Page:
Harry Turner's Footnotes to Fandom
Midnight Shakes The Memory #3    | FOOTNOTES Page | Obituary Page |

Take Three

I'm looking at two snapshots. Age has imbued them with a faint tinge of sepia. On one, smirking self-consciously beside Eric Needham and George Ellis, stands my 17-year-old self.

Manchester fans Harry Turner, George Ellis and Eric Needham

The three of us, as representatives of Manchester fandom, had travelled to Leeds one fine day in 1938. And there we were, at the clubroom - headquarters of the recently formed Science Fiction Association – meeting the leading lights of Leeds fandom. The event is too far behind me now to be more than a blurred memory of faces and figures, of climbing flights of stairs to an above-shop room, walls covered with a profusion of paintings, of sitting in a creaky cane chair... But I still remember the thrill of making personal contact with other fans, the enthusiasm, the excited chat and argument, a deep sense of fulfilment.
[Note: The SFA clubhouse in Leeds was at 321 Roundhay Road. info from Rob Hansen – see his article in Peter Weston's Relapse #21]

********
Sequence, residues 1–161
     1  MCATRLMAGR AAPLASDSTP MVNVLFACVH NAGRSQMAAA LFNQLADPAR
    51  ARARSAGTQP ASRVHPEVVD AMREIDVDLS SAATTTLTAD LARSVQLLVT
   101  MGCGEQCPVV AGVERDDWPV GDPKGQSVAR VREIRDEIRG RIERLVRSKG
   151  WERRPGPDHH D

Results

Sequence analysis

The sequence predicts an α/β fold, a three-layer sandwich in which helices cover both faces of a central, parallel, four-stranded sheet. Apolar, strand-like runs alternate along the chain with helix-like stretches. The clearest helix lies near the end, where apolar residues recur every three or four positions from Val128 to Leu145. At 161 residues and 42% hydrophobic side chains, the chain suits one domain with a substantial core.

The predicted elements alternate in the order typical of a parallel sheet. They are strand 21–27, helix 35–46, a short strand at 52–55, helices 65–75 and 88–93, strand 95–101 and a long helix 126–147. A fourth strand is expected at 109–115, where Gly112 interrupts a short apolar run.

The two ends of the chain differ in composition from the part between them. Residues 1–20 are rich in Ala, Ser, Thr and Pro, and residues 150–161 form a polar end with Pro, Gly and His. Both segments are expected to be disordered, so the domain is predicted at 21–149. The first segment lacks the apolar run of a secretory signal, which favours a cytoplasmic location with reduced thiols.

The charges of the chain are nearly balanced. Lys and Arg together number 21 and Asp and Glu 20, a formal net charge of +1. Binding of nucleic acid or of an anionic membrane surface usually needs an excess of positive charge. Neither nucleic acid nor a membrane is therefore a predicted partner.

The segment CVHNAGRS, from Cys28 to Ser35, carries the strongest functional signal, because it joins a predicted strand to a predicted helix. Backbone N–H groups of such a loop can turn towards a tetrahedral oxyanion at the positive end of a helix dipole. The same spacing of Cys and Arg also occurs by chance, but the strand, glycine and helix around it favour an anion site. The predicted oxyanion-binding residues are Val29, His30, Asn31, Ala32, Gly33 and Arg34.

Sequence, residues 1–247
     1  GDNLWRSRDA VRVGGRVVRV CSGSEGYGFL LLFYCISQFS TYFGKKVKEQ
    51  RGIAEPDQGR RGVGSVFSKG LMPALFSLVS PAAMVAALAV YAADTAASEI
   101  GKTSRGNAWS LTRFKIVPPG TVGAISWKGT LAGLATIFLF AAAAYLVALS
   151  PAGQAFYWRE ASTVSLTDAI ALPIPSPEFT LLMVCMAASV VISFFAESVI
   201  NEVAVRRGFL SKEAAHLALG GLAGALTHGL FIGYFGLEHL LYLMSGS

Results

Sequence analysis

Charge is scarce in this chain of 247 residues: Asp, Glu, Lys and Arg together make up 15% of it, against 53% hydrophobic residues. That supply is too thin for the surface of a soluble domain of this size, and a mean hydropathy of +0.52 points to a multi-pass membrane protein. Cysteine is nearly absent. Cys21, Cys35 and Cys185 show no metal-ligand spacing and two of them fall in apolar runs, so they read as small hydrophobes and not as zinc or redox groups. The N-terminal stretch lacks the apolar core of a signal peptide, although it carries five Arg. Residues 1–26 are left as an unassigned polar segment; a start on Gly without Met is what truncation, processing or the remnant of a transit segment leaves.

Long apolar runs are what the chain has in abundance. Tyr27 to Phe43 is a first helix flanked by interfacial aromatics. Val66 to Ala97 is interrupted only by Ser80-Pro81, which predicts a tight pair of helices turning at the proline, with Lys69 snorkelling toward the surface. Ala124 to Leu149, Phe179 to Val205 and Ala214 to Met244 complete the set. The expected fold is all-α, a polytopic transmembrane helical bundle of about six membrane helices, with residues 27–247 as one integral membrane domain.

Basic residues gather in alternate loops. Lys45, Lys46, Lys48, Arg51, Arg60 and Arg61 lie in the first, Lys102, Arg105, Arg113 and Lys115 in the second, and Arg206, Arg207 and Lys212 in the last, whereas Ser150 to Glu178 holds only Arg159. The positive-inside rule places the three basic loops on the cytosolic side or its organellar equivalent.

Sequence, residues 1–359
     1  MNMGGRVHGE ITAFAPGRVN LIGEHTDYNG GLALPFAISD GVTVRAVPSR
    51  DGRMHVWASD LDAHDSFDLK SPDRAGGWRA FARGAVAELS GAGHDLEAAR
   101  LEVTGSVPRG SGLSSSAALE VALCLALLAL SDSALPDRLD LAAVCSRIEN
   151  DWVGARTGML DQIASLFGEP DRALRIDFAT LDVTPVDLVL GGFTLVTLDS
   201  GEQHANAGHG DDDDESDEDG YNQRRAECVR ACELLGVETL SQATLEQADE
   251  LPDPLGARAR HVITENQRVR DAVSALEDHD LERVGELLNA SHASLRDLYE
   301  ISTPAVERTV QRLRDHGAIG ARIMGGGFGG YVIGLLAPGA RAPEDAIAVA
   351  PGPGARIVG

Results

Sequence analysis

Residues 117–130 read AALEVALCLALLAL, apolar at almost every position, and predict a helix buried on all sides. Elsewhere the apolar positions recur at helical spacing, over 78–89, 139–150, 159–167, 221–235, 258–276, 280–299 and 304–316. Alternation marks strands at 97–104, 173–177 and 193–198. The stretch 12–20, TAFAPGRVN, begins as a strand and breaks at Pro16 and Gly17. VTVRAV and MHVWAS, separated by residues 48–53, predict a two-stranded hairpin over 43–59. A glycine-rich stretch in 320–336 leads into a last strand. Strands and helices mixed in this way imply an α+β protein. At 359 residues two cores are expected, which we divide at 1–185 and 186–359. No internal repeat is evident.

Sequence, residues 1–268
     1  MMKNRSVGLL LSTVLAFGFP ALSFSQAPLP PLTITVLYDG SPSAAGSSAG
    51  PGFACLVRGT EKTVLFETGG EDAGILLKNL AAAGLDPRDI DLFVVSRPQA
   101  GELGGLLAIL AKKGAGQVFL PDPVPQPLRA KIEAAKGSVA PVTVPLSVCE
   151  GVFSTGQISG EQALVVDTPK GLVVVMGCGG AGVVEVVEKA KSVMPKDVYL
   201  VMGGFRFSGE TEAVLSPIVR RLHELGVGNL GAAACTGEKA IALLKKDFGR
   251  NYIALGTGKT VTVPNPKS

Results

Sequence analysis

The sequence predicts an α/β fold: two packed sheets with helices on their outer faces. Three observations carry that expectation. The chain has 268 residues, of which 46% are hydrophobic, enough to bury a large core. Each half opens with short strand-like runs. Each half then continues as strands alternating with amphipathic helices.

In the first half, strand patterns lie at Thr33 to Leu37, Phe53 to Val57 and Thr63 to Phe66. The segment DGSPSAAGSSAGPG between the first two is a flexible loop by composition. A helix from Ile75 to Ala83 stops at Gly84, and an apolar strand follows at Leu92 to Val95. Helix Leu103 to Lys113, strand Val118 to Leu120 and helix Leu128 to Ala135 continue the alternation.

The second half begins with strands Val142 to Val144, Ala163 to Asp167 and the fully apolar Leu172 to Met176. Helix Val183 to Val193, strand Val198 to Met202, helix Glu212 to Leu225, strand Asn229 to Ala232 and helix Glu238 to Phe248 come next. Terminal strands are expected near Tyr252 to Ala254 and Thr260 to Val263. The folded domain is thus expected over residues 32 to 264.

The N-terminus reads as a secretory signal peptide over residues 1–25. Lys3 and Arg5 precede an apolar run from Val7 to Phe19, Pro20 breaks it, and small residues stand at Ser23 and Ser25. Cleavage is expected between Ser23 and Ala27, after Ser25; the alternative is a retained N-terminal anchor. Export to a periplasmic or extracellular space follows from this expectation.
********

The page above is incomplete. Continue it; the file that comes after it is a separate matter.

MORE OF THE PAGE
Even then, Leeds was a long-established meeting place for sf fans. Back in 1935, the first British chapter of the Wonder Stories-inspired Science Fiction League had been formed there, and in the year before our visit the first ever British national fan convention had been held in Leeds. A frew weeks hence, a second convention was planned to take place in London, and the SFA seat of power was destined to drift away from the provinces.

But on this warm Saturday afternoon, aware only of the present, we all trooped down into the yard at the back of the clubhouse, and posed in the spring sunshine. And on my souvenir of that long-lost day in 1938 a happy group smiles at the camera, Eric and George sit at the front while I hover with our hosts: Vic Gillard, Doug Mayer and 2 unidentified Leeds fans.

Back row: Harry Turner, Vic Gillard, Doug Mayer and 2 unidentified Leeds fans; Front row: Eric Needham, George Ellis

There's a face missing; Albert Griffiths, one of the mainstays of Leeds fandom at that time, but I guess someone had to hold the camera. ■

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